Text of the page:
Photo, Harris & Ewing
Then follow receptions to the members of Congress, and to the Army and Navy.
The most elaborate, however, is the official reception on New Year's Day. The attendance at this reception reached greater numbers during President Roosevelt's presidency than before. On one New Year's Day it was estimated that he and Mrs. Roosevelt shook hands with more than 6,000 persons, the line taking some three hours to pass the dais on which they stood. Large numbers of persons go to Washington every year specially for this event. It begins at eleven o'clock in the morning, and after the members of the Cabinet, Diplomatic Corps, senators, representatives, and distinguished visitors, ambassadors, envoys, etc., have been received, the general public are admitted.
It is, of course, the proud boast of the democratic Yankee that the president is accessible - and must be accessible - to any American citizen who wishes to shake him by the hand and inquire after his health. This was so at one time; but the manner in which the public abused the privilege by overrunning the White House and damaging its contents through overcrowding, led to the privilege being curtailed. On one occasion such a throng rushed in when the doors were opened, that two great cheeses which had been provided for hungry guests were thrown to the floor and trodden into a greasy pulp all over the carpets. Now, however, the receptions are regulated by cards of invitation, and people who wish to see the president and his wife are asked to attend some particular reception, and not all or any of the series.
Many amusing stories have been told of the quaint visitors to the White House, particularly at the time when Abraham Lincoln was president. Lincoln had a habit of bringing the most unconventional people in to dinner in the most unconventional way. One day an old neighbour of his from Illinois, a portly farmer,sat at his table. Stewed chicken was served. The visitor accidentally swallowed, or partly swallowed, a small bone. Choking violently, and struggling to remove it from his throat, he finally threw it across the table, where it hit another guest on the forehead. As soon as the stout Illinoisan recovered from his confusion, he congratulated the guest that the bone which hit him had not been a leg.
Times have changed somewhat since the first mistress of the White House - A John Adams - took command in 1800. Martha Washington never lived in the White House, for the "Father of His Country" had ceased to be president when the seat of the Government was moved to Washington. Mrs. Adams travelled to Washington by stage coach, and got lost in the woods outside Baltimore. When she did reach the White House, she faced a tragedy. There was not a single mirror in the place; no lights, bells, nor any means of heating the building. Mrs. Adams had scarcely got inside the White House, however, when she received a note from Mrs. Washington. The same messenger who brought the note also brought a haunch of venison and an invitation to visit Mrs. Washington at Mount Vernon. Mrs. Adams was so ill-pleased with the White House that she accepted the invitation the very next week; but, for all that, she faced the problems which confronted her, and soon brought order out of chaos. Indeed, on the first day of the year 1801 President and Mrs. Adams gave the first New Year's reception in the White House, and the custom has been followed uninterruptedly by each president for no years.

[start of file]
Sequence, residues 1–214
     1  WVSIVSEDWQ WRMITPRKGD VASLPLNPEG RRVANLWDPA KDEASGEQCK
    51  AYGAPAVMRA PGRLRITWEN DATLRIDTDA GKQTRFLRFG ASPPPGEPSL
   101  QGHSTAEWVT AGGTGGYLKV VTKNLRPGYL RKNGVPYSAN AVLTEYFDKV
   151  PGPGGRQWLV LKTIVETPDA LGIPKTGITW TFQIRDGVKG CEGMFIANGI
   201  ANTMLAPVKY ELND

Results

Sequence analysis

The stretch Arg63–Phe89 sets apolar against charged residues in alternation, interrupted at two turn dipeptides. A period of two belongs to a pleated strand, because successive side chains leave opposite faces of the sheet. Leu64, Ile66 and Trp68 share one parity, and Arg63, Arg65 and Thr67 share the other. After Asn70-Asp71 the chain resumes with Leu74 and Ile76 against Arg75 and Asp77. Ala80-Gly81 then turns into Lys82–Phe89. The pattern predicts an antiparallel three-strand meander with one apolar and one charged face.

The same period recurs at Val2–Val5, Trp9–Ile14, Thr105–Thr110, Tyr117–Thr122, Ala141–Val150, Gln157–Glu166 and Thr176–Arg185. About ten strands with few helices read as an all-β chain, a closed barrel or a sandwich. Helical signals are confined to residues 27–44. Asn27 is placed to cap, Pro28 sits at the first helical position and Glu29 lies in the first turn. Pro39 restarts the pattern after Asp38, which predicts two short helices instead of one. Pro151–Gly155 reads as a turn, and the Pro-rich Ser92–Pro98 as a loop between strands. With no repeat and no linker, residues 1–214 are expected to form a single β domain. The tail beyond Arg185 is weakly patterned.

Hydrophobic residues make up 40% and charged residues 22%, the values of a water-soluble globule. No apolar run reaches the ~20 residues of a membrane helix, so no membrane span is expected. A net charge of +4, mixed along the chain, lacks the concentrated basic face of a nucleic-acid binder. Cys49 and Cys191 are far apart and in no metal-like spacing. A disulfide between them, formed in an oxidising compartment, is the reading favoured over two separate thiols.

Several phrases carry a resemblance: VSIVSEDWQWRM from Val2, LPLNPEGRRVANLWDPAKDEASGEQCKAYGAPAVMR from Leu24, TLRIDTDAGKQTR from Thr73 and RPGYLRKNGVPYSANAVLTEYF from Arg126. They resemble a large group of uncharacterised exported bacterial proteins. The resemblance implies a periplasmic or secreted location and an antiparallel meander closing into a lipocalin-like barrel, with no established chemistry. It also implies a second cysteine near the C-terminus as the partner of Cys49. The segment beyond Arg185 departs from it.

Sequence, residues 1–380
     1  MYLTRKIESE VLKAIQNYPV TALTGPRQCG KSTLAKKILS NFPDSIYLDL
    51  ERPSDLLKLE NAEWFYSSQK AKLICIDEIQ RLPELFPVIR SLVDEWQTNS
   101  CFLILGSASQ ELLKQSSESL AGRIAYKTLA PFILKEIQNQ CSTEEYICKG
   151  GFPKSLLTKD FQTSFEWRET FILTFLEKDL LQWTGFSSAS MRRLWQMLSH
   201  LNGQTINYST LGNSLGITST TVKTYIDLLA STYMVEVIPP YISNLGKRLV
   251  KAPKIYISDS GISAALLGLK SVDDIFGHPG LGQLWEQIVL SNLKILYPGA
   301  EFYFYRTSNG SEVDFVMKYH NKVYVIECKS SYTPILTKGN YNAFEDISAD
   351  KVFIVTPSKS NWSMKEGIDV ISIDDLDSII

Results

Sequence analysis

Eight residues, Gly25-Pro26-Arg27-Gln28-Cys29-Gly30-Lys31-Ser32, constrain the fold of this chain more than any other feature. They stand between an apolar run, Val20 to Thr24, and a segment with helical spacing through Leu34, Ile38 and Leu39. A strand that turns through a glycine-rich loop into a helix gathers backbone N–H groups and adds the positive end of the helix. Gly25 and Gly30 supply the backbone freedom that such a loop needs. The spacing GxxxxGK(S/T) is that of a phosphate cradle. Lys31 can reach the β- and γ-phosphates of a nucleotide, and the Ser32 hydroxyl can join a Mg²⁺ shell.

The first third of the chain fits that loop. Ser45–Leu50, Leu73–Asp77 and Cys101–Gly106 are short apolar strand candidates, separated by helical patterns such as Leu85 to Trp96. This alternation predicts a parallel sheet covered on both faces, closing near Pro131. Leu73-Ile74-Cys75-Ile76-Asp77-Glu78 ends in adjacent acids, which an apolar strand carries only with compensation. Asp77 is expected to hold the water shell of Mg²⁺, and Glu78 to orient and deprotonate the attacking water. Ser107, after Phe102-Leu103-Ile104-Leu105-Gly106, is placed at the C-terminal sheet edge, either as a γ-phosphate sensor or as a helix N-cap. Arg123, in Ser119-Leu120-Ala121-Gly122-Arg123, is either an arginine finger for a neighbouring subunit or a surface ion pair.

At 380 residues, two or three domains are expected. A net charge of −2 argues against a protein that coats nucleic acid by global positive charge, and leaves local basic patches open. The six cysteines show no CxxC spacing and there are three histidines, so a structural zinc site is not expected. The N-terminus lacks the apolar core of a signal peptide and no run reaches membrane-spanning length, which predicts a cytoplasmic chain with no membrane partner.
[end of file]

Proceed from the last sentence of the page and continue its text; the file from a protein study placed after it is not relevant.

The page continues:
The White House. Washington, the official residence of the President of the United States of America, and the centre of both the political and the social life of the nation Photo, Underwood & Underwood
But the White House of those days is not the White House of to-day. During the war between America and Great Britain, from 1812 to 1814, the British soldiers captured the American capital. President Madison was about to give a banquet the evening the English marched into the place. The dinner was duly eaten, not by the president's guests, but by the officers of an English regiment, and the White House and all the public offices were subsequently burned down. Four years later, the White House was restored, and it has ever since been the more or less peaceful home of George Washington's successors.